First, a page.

The future of television advertising

Fred Wilson and John Battelle have some interesting posts on the future of television and advertising. Fred and John both seem to believe that the concept of paid search will eventually work its way into television advertising. I suggest reading their posts if you have an interest in this space and learning how it will change as PVRs, VOD, and HDTV further penetrate the market. While one can look at how the success of Internet advertising will work its way into the television especially as the two markets converge, I like to look at the $60 billion spent on cable and television advertising another way. Rather than assume it will all go away in the future, why not do something to make it more effective today? What if you could change and personalize the actual commercials to turn television and cable advertising from a mass market media to a one-to-one relationship? Recently, Businss 2.0 (sorry registration required-hey Business 2, when are you going to open yourself up for bloggers to generate traffic for you?) had a nice article about one of my portfolio companies, Visible World, which has the technology that allows advertisers to do just that. As per the article,

Instead of making a single ad, the agency can now create its 30 second stories as a sequence of swappable components using Visible World software. The file is then sent to servers, already installed at Comcast's cable centers, which instantly assembles hundreds or even thousands of different versions of the ad and send them to particular groups of viewers. The ads can be updated or modified automatically, just like a website. "In the winter, an airline ad could say, "It's 52 degrees warmer in Miami today, " Haberman tells the group, "Or an ad for a limited-editiion Volkswagen Beetle could say there are only 392 cars left, creating a sense of urgency.

I encourage you to try the demo to customize a few ads on your own. Username is Business2 and password is visibleworld. The bet is that a more effective and more personalized advertisement will stop some viewers from hitting the fast forward button on their PVR remote. The good news is that Visible World has already worked with some blue-chip companies like Bank of America, Ford, and United Airliness. In addition, via deals with cable companies like Comcast, Visible World will be able to reach 30 million households by the end of 2004.

Comcast says it can direct ads to narrow zones of 1,000 to 20,000 homes in a growing number of cities, including Boston, Chicago, Dallas, Detroit, Miami, and Phildelphia. But to Haberman, that's just the beginning. Within the next 2 years, he hopes to offer advertisers the ultimate prize: targeting ads to individual households based on criteria such as age, marital status, favorite leisure activities, preferred airlines, and credit cards--though understandably, this very notion raises delicate privacy issues that have yet to be negotiated.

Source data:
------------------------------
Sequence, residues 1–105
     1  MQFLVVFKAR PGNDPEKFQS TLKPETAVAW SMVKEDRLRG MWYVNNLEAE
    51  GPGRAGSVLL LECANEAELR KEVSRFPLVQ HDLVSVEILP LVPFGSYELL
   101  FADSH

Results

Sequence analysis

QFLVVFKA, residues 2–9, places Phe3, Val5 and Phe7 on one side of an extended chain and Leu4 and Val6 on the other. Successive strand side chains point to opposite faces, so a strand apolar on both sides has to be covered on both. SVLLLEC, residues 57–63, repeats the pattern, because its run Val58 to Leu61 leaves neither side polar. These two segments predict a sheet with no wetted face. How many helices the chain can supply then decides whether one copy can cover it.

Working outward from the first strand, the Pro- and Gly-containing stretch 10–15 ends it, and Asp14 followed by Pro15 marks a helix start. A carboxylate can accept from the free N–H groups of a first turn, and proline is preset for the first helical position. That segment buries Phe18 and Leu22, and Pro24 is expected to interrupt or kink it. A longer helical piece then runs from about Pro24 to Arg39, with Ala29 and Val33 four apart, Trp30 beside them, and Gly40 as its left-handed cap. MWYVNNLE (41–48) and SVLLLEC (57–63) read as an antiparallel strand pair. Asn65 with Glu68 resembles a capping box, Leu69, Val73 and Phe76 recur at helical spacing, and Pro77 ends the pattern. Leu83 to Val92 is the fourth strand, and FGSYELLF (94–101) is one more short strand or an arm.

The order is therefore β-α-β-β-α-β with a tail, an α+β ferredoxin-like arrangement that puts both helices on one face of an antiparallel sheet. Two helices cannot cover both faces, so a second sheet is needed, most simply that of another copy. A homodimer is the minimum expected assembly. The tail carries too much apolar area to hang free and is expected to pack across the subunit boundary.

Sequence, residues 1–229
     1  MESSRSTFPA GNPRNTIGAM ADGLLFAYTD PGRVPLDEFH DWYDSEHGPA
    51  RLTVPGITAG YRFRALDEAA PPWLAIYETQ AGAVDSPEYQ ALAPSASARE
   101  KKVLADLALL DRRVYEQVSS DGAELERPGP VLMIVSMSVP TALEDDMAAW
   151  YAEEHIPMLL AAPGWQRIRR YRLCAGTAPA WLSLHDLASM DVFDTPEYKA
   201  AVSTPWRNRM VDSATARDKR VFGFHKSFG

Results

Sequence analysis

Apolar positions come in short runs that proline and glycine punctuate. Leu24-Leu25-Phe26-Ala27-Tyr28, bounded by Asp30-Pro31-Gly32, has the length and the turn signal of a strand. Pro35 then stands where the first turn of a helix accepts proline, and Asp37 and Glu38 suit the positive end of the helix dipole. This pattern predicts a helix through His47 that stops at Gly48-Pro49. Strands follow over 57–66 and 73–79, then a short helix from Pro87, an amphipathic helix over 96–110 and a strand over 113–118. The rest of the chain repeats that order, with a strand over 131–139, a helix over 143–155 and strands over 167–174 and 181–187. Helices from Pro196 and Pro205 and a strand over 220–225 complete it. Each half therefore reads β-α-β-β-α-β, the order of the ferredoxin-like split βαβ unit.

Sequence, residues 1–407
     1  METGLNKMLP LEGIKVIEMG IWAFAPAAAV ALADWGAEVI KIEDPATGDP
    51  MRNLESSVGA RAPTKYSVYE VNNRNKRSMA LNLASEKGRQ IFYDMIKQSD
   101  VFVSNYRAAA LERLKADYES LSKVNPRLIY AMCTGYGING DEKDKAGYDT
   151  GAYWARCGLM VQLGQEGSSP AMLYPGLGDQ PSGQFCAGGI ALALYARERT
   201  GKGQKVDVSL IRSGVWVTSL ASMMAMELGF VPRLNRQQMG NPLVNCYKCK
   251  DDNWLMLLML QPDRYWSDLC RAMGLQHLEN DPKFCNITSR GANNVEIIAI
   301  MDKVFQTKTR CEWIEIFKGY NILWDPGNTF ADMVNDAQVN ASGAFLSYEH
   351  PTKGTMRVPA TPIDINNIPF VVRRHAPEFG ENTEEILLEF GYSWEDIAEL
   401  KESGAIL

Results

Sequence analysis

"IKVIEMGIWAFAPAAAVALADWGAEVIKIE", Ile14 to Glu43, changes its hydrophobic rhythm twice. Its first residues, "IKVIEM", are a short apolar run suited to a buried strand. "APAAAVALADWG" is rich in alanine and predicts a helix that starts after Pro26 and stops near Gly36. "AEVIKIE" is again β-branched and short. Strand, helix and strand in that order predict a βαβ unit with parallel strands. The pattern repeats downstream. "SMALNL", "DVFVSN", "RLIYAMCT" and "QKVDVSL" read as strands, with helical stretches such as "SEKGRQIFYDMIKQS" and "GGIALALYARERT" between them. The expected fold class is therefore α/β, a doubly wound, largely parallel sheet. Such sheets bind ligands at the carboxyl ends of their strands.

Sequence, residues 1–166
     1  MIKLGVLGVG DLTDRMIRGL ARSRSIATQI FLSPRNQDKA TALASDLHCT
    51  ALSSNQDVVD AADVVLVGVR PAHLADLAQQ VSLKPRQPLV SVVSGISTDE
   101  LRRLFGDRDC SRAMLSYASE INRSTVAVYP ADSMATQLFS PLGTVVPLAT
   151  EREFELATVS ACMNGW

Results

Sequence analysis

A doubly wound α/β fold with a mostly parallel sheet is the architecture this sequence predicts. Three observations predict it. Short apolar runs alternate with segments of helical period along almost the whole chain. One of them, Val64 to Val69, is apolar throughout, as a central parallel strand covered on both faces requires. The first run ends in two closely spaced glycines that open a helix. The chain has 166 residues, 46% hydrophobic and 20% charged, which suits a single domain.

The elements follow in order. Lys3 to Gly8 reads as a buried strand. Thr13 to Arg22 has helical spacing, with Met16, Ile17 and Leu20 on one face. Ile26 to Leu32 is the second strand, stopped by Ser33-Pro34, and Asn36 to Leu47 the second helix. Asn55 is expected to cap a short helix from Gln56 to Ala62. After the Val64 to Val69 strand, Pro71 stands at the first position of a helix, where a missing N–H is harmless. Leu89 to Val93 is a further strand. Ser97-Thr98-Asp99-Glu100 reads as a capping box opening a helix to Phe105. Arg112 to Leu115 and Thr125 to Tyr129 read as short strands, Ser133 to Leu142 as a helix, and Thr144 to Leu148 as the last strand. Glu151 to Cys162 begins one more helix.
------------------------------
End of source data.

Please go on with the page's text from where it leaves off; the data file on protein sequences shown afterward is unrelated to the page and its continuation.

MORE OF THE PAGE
The cool part of this comes when the Internet and television actually do merge to create true interactive television and direct response fulfillment. Imagine its winter and you see the same customized airline ad about Miami, it's 52 degrees warmer there, and you can take advantage of a special vacation package by clicking a URL and purchasing the plan through your television? We are clearly not there yet, but the potential exists. And before the $60 billion of television and cable advertising moves somewhere else, I hope advertisers give Visible World a shot to make the medium more effective.

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This post was written by who has written 358 posts on BeyondVC.

6 Responses to “The future of television advertising”

  1. Kunal Anand Nov 3, 2004 at 3:52 pm #

    I love HTTP is stateless, yet we are coming to a point where that doesn’t impede development on these new technologies.

    I’m currently in the process of aiding a firm bring it’s unlicensed television content online, and the key issue that we are having is sustaining bandwidth. We decided it would be best to invoke advertisements before and after (yet still before showing next episode’s preview) the content.

    At first, advertisers were concerned that they were not targetting the right group of people. However this was also tough because we wanted to get as many advertisers. What we ended up doing was going to advertisers and informed them that they could pay for a genre (with specific demographics), a series or a slot in each episode. We built an easy to use ad-reservation tool…and they loved it.